Well it’s that time again and I’m back with part 2 of part 2.  Last week I started off by explaining the basics behind setting yourself a brief to reach a specific objective and gave you some examples of how we do it for the most common requests that we receive.  This week I will talk about some of the other website changes and upgrades that we are asked to assist with and how we keep on the right track throughout the project.

So, we’ve been asked to upgrade a website by implementing an SEO strategy so the site will rank higher on search engines. Where do we start?

We start by looking at the content and the keywords relating to the business and services that it contains.  The written content is naturally going to contain words and phrases relative to most common search terms simply through its explanation of the company and products, but what we want to find out is where the gaps are that will allow it to be optimised without losing site of the objective, tone, brand and message.  The content needs to be based on optimising the visibility of certain keywords and phrases on your site…so logically the next step for Début Marketing is to focus on the keywords.

In any brief it is important to set out the keywords and phrases that you are going to use but first of all you need to choose them, and how this is decided will be based on research findings.

There are a couple of reasons that should determine how you select your keywords and phrases being;

  • local search volume and resulting potential traffic
  • keywords that are realistically going to help you to rank well

  • Niche keywords that are being searched for but not targeted by competition

So with keywords chosen we would then set about weaving them into the copy in such a way that search engines will recognise them as a term and not a blatant plug, which would have the opposite effect to the one that is desired – a higher ranking.

  • The next step would be to consider headers, sub-headers and straplines.  These can and should contain keywords but must still make sense.
  • Now we will move onto links and videos.  Does the site currently have any and where would it benefit from them being put?
  • And finally, we may suggest a blog as besides as being an informative way of being interactive, it is a good tool for search engines as it provides fresh, relevant content on a regular basis.

Here is the final example of website work we get asked to be involved in: a re-design. Whilst we don’t actually do the behind-the-scenes techy bits and bobs or the pretty pictures, our input is required from a “how to market to specific, target customers” point of view.  The attributes of the visuals and navigation layout is as important as the content and this is where we come in…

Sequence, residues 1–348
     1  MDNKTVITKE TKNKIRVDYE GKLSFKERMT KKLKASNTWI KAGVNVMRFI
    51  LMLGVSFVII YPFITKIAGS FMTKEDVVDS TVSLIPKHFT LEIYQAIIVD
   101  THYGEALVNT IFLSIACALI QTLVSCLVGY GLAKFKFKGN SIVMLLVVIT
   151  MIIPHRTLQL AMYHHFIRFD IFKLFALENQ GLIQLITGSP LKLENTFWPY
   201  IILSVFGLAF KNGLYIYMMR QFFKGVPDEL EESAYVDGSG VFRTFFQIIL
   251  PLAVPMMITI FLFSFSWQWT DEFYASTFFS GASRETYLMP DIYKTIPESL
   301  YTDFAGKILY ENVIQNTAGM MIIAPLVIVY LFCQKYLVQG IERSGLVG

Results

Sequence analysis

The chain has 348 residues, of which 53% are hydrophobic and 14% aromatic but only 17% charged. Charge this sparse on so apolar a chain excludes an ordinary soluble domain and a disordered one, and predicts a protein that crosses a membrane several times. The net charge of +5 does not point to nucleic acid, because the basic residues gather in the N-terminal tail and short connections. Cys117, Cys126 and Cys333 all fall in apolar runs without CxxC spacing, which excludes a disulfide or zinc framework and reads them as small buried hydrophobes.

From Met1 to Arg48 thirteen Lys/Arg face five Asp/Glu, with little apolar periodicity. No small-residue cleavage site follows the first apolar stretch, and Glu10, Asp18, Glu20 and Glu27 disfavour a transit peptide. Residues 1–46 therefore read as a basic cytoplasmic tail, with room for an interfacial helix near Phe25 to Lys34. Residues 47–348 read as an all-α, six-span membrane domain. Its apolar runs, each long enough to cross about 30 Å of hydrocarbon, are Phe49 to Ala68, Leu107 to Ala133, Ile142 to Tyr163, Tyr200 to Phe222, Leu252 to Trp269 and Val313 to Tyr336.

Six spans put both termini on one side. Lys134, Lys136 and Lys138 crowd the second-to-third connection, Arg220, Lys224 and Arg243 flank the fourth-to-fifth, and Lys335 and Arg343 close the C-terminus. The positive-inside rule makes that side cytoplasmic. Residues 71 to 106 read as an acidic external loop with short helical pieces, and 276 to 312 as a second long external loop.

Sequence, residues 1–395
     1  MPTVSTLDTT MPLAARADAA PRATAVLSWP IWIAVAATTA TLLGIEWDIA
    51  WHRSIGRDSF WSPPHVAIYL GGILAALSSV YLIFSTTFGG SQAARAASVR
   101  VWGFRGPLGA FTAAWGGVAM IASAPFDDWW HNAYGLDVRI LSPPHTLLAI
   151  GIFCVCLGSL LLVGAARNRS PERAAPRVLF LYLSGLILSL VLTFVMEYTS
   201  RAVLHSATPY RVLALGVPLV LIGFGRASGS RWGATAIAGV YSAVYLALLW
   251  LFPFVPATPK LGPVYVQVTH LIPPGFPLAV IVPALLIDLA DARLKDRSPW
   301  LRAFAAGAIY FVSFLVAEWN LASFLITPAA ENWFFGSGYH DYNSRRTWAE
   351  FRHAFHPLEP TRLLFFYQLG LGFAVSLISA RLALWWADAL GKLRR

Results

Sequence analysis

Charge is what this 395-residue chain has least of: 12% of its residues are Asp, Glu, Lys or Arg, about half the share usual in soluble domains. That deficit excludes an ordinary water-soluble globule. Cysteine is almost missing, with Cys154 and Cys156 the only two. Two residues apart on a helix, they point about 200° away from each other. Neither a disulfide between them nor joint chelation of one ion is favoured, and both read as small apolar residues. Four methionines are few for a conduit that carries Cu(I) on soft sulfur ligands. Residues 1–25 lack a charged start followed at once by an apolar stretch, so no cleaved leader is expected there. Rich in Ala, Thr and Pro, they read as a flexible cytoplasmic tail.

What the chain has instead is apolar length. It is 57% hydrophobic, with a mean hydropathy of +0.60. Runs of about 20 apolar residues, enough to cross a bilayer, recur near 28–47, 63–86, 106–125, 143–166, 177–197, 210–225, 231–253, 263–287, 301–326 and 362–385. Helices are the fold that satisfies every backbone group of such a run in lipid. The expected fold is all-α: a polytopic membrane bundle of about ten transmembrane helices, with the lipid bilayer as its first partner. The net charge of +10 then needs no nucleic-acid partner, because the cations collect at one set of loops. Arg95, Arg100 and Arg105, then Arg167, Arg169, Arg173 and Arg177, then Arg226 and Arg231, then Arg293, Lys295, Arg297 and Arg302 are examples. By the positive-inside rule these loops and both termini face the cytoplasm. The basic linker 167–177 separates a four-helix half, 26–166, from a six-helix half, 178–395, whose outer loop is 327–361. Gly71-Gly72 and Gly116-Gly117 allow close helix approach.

In order to have a starting point for our brief we need to ask some questions and the most importantly one is, who are the customers?

This determines a lot! The design, wording and content of your site will all depend on the answer. If for example your customer base and predominantly elderly you will need to have everything larger and clearer with simpler messages. If they are a more youthful audience then you may consider more interactive features and going into more detail.

Other questions that we also ask on a regular basis are:

  • Are there any design notes and ideas?
  • Has a colour scheme been chosen and is it on brand?

  • How many pages are there and what is the content of these pages?

  • Is the navigation clear?

  • What is the current website situation in relation to online turnover, new customer sign ups and enquiries?

  • How many visits does the site receive?

  • What are the site stats in relation to bounce rate, time on site and page views etc?

  • What is the site’s current Google ranking?

  • What is the site’s authority ranking?

  • Are there any links to and from the site?

We need the answers to these in our brief so we can make it as detailed as possible therefore giving us the best chance of reaching the objective set as effectively and efficiently as possible, and also so we can look back and reference them in order to set and measure new targets.

Now, you may be thinking that I have missed a fundamental question out – the budget. Whilst this is obviously a constraint, there is always something that can be done no matter how big or small your allocated spend is.  We understand that this can be deemed as a taboo subject and lends itself to the ‘elephant in the room’ analogy and that is why we take the time to fully understand your needs and compile a proposal accordingly.

The final step in the website update process is the review, which is also the topic of next week’s blog.  Come back next week to find out how to tell whether all the hard work and effort has been worth it.  **SPOILER ALERT** (I can tell you know, it will be)

Building a brief for a website review Part 2

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